June 5, 2015

Climate expectations raised after Norwegian coal divestment

Below a statement from the coalition working on the Norway divestment campaign, what follows is a reaction by Nicolo Wojewoda, lead campaigner for 350.org’s European team:

“With Norway’s decision, coal divestment has gone mainstream highlighting both the moral imperative and financial case for divestment. Other institutions are left with no excuse to not follow suit. Coal is on its last leg; with king coal falling from its throne, we are all more inspired to go after big oil and gas.”


“Norway’s decision to divest its sovereign wealth fund from coal adds momentum to the growing global movement for climate action. This raises the bar for politicians to make further commitments – globally, as well as in Norway itself”, states a coalition of civil society organizations after a unanimous coal divestment vote by the Norwegian parliament today.

Today, on World Environment Day, Norway’s Parliament approved a decision to divest the country’s sovereign wealth fund from companies with more than 30% of their income from coal extraction or coal power. Norway’s fund is one of the world’s largest at over 900 bn USD. According to initial calculations from campaign group urgewald, the divestment decision will affect approximately 8,8 billion USD of the fund’s current investments.

A coalition of civil society organizations hailed the decision as a critical first step out of fossil fuels by one of the world’s most oil-dependent economies, and promised to continue campaigning for the fund’s full divestment from all fossil fuels as well as increased investments in renewable energy.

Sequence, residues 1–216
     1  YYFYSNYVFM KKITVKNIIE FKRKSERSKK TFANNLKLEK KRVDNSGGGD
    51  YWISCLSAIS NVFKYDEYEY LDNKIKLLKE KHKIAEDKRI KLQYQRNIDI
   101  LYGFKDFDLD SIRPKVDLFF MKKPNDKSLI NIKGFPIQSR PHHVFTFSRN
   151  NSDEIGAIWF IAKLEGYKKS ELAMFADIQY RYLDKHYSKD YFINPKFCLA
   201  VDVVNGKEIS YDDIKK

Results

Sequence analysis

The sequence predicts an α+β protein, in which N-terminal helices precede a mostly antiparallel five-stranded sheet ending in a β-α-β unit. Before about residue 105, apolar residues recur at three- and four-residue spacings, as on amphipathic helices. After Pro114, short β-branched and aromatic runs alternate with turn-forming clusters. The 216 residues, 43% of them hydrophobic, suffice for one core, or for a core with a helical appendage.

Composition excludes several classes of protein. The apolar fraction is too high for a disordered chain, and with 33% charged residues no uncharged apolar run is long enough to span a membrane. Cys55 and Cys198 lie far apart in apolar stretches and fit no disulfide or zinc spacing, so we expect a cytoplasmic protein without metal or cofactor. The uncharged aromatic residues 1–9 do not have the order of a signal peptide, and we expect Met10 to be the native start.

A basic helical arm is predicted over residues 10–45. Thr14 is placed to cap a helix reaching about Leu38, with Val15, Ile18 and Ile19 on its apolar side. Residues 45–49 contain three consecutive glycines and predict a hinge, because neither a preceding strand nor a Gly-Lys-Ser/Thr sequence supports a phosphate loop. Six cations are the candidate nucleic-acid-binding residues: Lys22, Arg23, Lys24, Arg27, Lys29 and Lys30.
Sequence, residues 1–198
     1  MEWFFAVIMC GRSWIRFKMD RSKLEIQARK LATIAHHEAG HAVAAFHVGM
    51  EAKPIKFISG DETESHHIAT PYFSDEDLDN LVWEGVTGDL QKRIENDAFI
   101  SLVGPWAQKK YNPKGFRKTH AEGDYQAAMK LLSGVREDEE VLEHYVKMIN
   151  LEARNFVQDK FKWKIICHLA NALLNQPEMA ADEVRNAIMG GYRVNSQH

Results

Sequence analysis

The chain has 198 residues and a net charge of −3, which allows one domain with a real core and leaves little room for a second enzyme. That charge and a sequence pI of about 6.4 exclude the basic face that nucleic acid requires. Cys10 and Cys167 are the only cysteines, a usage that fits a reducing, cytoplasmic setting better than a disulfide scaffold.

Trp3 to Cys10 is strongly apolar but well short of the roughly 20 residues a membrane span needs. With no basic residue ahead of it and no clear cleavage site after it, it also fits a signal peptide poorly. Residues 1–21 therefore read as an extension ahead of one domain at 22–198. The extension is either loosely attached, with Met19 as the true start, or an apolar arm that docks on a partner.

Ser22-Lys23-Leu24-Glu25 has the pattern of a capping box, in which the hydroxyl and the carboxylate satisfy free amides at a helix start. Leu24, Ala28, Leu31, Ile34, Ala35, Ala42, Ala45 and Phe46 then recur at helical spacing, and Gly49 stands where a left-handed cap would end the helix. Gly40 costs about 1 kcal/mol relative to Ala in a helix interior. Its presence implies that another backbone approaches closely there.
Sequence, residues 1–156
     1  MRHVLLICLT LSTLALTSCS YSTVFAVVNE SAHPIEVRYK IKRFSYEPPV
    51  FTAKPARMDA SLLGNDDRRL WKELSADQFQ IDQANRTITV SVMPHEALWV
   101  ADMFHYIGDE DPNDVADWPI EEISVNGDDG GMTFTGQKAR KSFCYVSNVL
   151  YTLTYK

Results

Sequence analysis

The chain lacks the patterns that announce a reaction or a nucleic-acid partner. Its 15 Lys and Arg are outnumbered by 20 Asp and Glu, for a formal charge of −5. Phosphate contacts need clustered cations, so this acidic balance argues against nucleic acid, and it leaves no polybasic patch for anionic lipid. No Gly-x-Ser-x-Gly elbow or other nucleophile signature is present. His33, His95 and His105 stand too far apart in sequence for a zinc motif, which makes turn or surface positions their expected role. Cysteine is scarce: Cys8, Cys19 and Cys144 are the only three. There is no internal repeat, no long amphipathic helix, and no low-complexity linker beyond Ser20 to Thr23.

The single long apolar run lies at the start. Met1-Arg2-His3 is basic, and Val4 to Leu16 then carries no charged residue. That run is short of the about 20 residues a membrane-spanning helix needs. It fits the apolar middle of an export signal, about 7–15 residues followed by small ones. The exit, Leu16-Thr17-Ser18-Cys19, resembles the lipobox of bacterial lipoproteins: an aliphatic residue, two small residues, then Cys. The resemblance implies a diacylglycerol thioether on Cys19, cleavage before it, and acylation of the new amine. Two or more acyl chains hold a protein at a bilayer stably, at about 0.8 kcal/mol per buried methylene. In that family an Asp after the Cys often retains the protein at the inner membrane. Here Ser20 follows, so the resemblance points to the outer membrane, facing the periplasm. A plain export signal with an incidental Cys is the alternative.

“Divestment from coal must be the first step for Norway, not the last. We will campaign for the fund to invest at least 5% of its value in renewables, particularly in emerging economies, and for full divestment from all fossil fuels. For Norway itself, our goal is a just transition out of oil and gas and into the green jobs of the future. We are rapidly approaching the time when no country can rely on fossil fuels for its economy or energy safety,” say Greenpeace, WWF, Future in Our Hands, urgewald and 350.org.

The fund’s Ethical Council and its manager, the Bank of Norway, will now be tasked with developing regulations to implement the divestment decision. “These regulations will be critical to ensuring rapid, transparent and comprehensive implementation of this historic decision. Other investors, and civil society, will be watching closely to see if Norway can match its bold decision with equally bold and decisive action,” say the civil society organizations.

Further reading: Analysis of the direct consequences of the divestment decision for the holdings of the Norwegian Sovereign Wealth Fund.